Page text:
A corpus-based analysis of audio description
Title of edited book
Media for All: Subtitling for the Deaf, Audio Description and Sign Language
Year of publication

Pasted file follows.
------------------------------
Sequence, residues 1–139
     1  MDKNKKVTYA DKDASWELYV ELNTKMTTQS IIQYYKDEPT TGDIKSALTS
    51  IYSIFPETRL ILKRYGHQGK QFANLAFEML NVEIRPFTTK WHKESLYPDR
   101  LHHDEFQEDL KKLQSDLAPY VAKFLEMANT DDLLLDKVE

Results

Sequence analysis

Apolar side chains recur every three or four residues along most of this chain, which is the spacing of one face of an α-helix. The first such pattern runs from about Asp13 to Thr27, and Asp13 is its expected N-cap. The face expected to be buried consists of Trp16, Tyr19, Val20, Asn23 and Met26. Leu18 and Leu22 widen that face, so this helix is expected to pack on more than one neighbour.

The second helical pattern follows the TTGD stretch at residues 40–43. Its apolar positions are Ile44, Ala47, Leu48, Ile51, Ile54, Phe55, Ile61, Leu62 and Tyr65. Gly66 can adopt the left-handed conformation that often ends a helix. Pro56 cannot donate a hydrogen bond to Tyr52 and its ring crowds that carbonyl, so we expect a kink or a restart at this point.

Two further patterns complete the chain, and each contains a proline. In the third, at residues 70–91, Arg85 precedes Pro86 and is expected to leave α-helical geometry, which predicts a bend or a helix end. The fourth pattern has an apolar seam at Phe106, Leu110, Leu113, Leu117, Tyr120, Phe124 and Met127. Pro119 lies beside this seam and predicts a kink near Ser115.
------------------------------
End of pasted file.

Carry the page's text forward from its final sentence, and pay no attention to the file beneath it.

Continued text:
This paper presents the beginning of a corpus-based investigation into the language used for audio description. The automated analysis of audio description scripts for 91 films was successful in characterising some idiosyncratic features of what appears to be a special language. Our investigation also began to create an empirically-grounded overview and classification of the main kinds of information provided by audio description. The existence of a special language is explained in part by the fact that audio description is produced by trained professionals following established guidelines, and its idiosyncrasies are explained by considering its communicative function – in particular that it is being used to tell a story. Encouraged by the relatively high degree of regularity observed in the corpus, we go on to speculate about the application of language technologies for ‘assisted audio description’ and for repurposing audio description as a basis for indexing digital video archives.